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An interview with Joe O’Herlihy, U2’s Sound Engineer

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Photo © Dara Munnis

U2’s The Joshua Tree tour began in 2017 and has since played to over 2.5 million fans. After a bit of a hiatus, when they slipped in a totally different tour, the tour was resurrected for Australia and New Zealand.

Sound engineer Joe O’Herlihy has been with the band for decades and Cat Strom travelled to Brisbane for a chat. The PA is a Clair CO12 out of our Sydney office, all the crew and control gear was supplied by Clair Global.

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Sound engineer Joe O’Herlihy

After the first two shows in Auckland where Joe had to deal with 43 kilometres an hour winds gusting from the stage, Brisbane’s still and balmy 34°C was a blessed relief.

I was looking all night long for my wind knob to dial it down but I couldn’t find it,” said Joe tongue in cheek. “It would be a sound engineer’s dream if someone could invent one!

The sound system hasn’t changed dramatically since 2017 although there has been plenty of software updates that obviously improve the efficiency of all the technology.

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Digico SD7

We now have the DiGiCo SD7 Quantum consoles and I believe we have the biggest selection of DiGiCo SD7s on any tour,” added Joe. “We’ve got eight of them if you include the rehearsal room at the moment. With the software update to use the Quantum engines, they sound very transparent and very much more efficient with this upgrade than on previous occasions. It’s nice to have gear that is improving all the time like the SD7.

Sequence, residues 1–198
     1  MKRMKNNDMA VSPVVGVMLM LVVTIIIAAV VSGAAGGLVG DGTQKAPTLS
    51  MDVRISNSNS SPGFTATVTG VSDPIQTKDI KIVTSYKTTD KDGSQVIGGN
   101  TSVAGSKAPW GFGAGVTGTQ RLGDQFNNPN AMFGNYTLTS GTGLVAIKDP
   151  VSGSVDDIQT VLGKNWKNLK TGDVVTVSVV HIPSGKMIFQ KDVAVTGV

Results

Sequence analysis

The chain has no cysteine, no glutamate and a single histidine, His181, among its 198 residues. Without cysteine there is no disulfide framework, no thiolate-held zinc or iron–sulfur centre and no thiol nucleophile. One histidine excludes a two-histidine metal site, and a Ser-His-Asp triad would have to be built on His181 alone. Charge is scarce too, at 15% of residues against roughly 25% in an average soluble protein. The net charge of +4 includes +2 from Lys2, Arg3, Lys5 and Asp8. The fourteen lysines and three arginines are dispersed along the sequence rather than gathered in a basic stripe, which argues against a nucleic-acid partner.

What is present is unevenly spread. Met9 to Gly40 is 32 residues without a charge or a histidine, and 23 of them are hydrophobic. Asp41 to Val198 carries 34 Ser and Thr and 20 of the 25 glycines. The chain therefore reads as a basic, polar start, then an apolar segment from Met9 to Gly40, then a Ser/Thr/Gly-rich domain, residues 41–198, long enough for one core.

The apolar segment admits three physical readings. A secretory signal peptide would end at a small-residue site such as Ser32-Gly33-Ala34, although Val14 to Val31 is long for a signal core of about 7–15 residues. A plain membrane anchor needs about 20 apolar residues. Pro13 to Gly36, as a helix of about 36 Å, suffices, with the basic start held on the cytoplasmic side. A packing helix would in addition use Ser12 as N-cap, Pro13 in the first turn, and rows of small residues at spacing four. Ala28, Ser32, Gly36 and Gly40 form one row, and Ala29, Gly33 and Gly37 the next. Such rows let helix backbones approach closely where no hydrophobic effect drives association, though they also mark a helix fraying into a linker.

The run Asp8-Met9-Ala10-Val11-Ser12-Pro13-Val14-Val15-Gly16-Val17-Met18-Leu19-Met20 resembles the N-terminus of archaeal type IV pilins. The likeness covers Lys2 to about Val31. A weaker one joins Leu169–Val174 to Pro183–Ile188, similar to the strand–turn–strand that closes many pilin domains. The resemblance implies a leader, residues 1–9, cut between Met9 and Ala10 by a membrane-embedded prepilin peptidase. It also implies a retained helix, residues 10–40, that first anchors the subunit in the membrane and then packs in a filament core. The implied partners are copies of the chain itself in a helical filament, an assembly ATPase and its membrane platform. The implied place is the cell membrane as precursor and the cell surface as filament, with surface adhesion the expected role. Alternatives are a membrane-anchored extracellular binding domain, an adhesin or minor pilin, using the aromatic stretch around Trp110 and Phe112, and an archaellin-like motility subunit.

Although the onboard selection has been improved enormously on the SD7, Joe still uses units that he has relied on for the past forty years with the band. For guitars, he has eight Summit Audio DCL-200 tube compressors for each of the eight different amplifiers that The Edge uses in a combination of what is affectionately known as The Edge Orchestra.

For Bono’s main vocal, Joe uses a Manley Voxbox, three so there’s one for each of the three different vocal mics he uses. A couple of Sweet compressors are used on Edge’s vocal and he uses a headset for maneuverability.

The treatments and effects are standard Lexicon 480L as the reverb of choice for all of the vocals and believe it or not, PCM70s dating back to prehistoric times,” said Joe. “They’re classic drum verbs and are really, really good selection plus I’ve also got a couple of harmonizers. They’re all uniquely part of their songs now and I have tried out all of the various plugins but the older, vintage products have such a unique sound. However, you have to cross your fingers that they’ll work every time the back of the truck opens!


The band has been a Clair Global client for 36 years so it was no surprise to see a Cohesion CO-12 system consisting of four sets of line arrays suspended from cantilever cranes and trimmed at 30 metres, carefully positioned so as not to obstruct the giant screen.

The curvature of the system is designed and configured to get right up into the stands and areas that physically are very difficult to reach. Behind the mix position which is 36m away from the stage, are four delay positions placed in an arc shape to ensure sound reaches the back of the stadium.


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